Classroom crisis

Two school classrooms in Portarlington have been condemned and closed off on health and safety grounds because they are literally sinking.

Two school classrooms in Portarlington have been condemned and closed off on health and safety grounds because they are literally sinking.

With the St Patrick’s Boys national school already packed to capacity, this latest problem has tipped it into crisis point, principal Pat Galvin told the Leinster Express this week.

Huge cracks have grown in two of four classrooms that were built just twelve years ago to the rear of the school, which borders the River Barrow. The rooms were built at a cost of 100,000 euros, but is appears now that the foundations were built on gravel and sand, and may need pile driven supports to stop them sinking and make them safe.

The principal showed the Leinster Express the extent of the problems this week. He partially removed a block from the buildings to show how much the classrooms have moved.

The classes were condemned by an engineer as unsafe for the children, but work to make them safe will have to wait until next summer at the earliest when the building is empty. It has left school management with no option but to move 56 sixth class students and their teachers to the nearby vacant old Presentation Primary School for the school year.

With pupil numbers estimated to soar to over 500 within the next seven years, this is the final straw for Mr Galvin, who sees a new purpose built school as the only practical solution to their woes.

“It’s coming to a crisis stage at the moment. The girls have a lovely new school, so obviously the boys need one too. It’s costing the department 50,000 euros per year to rent our three prefabs, and the cost of repairing the classes could be 150,000 euros. It’s a short term solution. You just have to look at the figures and the projected numbers, anyone with a brain could see we need a new school. Even if we use all the classrooms in the girls school, we’re still in trouble in three or four years time,” he said.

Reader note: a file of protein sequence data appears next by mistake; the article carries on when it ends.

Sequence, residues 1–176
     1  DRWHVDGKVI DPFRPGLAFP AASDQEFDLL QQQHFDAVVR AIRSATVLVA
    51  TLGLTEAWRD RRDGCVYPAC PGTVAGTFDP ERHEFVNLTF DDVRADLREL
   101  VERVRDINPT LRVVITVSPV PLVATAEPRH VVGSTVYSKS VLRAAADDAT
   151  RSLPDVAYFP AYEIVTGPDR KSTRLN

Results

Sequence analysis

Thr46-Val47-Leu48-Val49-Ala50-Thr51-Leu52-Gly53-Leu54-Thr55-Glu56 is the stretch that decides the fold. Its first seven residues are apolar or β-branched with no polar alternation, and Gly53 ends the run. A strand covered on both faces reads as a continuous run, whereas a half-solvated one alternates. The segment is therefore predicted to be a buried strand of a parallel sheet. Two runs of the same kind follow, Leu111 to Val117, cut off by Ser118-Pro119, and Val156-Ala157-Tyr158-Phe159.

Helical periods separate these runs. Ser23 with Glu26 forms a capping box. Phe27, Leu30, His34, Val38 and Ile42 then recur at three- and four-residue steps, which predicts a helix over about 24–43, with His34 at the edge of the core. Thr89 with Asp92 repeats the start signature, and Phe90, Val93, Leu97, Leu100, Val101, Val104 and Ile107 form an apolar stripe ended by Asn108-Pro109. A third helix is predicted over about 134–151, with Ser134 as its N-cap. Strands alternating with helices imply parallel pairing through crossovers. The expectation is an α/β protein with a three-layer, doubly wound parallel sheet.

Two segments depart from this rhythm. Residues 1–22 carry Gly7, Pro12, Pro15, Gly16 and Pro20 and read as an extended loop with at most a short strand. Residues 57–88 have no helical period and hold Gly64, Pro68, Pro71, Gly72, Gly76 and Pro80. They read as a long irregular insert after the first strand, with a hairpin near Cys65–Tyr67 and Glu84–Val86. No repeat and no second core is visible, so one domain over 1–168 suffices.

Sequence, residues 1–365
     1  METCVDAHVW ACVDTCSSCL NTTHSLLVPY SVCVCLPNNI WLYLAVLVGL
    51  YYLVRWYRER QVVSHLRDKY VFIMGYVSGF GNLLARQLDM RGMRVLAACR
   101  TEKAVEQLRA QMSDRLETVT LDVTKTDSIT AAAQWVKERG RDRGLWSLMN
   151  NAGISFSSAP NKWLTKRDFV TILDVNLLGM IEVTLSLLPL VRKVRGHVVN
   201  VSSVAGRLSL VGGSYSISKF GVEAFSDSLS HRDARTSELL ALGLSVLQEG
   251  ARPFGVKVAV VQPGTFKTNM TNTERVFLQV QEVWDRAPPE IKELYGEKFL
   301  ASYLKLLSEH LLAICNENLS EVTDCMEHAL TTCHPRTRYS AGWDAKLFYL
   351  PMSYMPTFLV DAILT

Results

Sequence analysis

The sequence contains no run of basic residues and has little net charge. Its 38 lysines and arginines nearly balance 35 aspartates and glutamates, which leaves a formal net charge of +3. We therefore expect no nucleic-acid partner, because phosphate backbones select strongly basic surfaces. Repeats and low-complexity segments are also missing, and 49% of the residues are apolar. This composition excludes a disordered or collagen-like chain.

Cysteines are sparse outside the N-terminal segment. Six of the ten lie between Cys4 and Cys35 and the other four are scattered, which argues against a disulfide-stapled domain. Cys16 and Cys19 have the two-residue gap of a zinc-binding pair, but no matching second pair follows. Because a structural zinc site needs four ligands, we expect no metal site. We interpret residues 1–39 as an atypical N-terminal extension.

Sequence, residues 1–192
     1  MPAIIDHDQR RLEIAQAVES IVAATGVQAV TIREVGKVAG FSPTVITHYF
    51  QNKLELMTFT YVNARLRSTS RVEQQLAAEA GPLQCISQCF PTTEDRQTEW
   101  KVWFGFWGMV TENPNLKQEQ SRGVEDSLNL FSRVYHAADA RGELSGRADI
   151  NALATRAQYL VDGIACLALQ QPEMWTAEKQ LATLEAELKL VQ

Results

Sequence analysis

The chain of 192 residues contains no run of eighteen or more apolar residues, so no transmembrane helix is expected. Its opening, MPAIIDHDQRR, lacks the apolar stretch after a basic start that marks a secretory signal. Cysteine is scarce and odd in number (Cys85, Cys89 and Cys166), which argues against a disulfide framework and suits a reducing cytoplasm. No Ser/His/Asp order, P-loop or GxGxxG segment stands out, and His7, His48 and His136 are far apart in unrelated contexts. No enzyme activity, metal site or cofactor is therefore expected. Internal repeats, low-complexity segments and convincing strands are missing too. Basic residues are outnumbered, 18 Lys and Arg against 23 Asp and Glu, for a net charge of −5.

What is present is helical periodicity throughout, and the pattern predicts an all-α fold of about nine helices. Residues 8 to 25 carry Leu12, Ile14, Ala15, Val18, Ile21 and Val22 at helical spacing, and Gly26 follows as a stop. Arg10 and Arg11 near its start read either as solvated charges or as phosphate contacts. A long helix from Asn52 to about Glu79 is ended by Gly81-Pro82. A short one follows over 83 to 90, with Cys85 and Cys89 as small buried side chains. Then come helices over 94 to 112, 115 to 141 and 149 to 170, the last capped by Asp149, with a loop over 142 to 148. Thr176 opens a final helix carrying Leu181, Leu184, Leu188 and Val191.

The school caters for 320 boys from first to sixth class, along with 17 teachers, two SNAs and the principal.

Three classroom prefabs and a resource room are also at the back of the school, along the “fault line”, and are being monitored but at the moment show no signs of subsidence.

The girls’ school was vacated two years ago when they moved to Station Road. The classrooms the boys are now using were fitted out over the summer with new carpets, interactive whiteboards and a fresh coat of paint.

“They have extra playing room, and it is clean, fresh and airy but it has social implications, they are detached from the main school. Logistically it’s difficult for staff, and for myself, managing one school on two different sites, especially if an emergency were to arise, I’ll be the fittest principal in Ireland,” said Mr Galvin.

Fr Thomas Dooley, PP and chair of the Board of Management of the school said the boys were happy with their new classrooms.

“It’s not an inconvenience for the boys. They have lots of room,” he said.

Fr Dooley and Mr Galvin are seeking an appointment with the Department of Education to discuss the problems.

“I hope this will fastrack us getting a new school. Ideally on a greenfield site of six or seven acres so we could have proper PE facilities, and a school to see boys for the next 100 years. We need to do it right, and do it now,” the principal said.

A new girls primary school opened on the Station Road in Port two years ago but pleas for the boys of Port to be looked after have so far been ignored.